Office of Diversity Strategic Plan
A message from the Associate Dean for Diversity, Equity, and Inclusion
Dr. Mia Farrell
Optimisim, Courageous, and Progress are the three words that have been at the forefront the last year as we have navigated through two pandemics. I had to remain optimistic and meet the growing demands of the office, courageous because I had to have courageous conversations in order to shift as I have had to be a thought leader in being visionary with the current and future state of the office, but continued to focus on the progress of the Office of Diversity (OOD). Over the last year we have increased staffing to be a resource for faculty, students, staff, with staff also including Extension. The goal is to have continuity across the college as it pertains to the foundation of diversity, equity, and inclusion (DEI).2022-2027 Strategic Plan
Optimism is essential to achievement and it is also the foundation of courage and true progress.
Nicholas M. Butler
Encompasses honesty, moral strength, and incorruptibility, taking responsibility, and putting the needs of those around us ahead of our own needs.
Being sensitive to the needs of others, respecting individuality, and including all in decision making.
Actively and intentionally using models and practices that incorporate content that reflects diverse ways of knowing, being and experiencing the world.
Continuously inviting and welcoming people to create equitable and collaborative partnerships towards shared goals in an environment where all have the opportunity to thrive at the University and beyond.
The motivating standard by which we operate, showing we care about what we do and striving for the best.
Measuring, assessing, and evaluating progress towards realization of the college’s and university’s vision for equity and diversity.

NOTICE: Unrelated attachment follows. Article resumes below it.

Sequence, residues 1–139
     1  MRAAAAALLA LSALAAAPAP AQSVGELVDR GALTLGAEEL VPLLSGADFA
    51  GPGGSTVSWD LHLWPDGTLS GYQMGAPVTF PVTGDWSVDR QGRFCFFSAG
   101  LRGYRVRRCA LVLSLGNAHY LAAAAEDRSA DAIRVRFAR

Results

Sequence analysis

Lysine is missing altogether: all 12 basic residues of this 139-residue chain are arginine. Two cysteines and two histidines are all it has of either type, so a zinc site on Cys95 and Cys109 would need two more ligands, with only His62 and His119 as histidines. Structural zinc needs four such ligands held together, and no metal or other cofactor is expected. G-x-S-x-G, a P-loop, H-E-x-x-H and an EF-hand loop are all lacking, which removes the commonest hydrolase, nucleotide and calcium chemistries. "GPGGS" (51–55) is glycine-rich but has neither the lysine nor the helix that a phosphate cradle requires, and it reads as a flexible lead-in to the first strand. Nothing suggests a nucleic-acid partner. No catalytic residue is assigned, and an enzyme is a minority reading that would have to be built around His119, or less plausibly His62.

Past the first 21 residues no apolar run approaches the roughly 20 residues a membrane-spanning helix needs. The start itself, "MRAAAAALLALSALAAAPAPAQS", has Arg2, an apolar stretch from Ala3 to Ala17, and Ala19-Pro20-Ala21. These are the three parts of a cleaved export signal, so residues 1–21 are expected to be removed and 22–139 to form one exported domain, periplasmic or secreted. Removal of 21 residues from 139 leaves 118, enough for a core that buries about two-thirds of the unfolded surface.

Engaging in continuous individual and institutional reflection and collaboration to build capacity and integrate what we learn into our culture and infrastructure.
Possessing the ability to effectively communicate and work with others to facilitate positive human interactions.
Includes all visible and nonvisible dimensions that make a person who they are,1 encompassing all human characteristics, ideas, perceptions, values, beliefs, experiences, preferences, behaviors, learning and communication styles, and backgrounds.2 Diversity requires that institutions create a safe, supportive, and nurturing environment that honors and respects those differences.
Inclusion is an active, intentional, and continuous process to address inequities in power and privilege and build a respectful and diverse community that ensures welcoming spaces and opportunities to flourish for all.
The removal of systemic barriers, and the provision of and access to opportunities, networks, resources, and support in an impartial environment free from bias or favoritism, applied equally across all people.
Making sure that physical and psychological obstacles do not prevent individual achievement or participation.
Individuals who self-disclose as a member of one or more of the following races and ethnicity categories Hispanic or Latinx, American Indian or Alaska Native, Black or African American, Native Hawaiian or Other Pacific Islander, Asian or Two or more Races.
An ability to interact effectively with people of different cultures. An interculturally competent individual:
- Has an awareness of one’s own cultural perspective
- Possesses knowledge of multiple cultural practices and perspectives
- Possesses skills to effectively interact across cultures.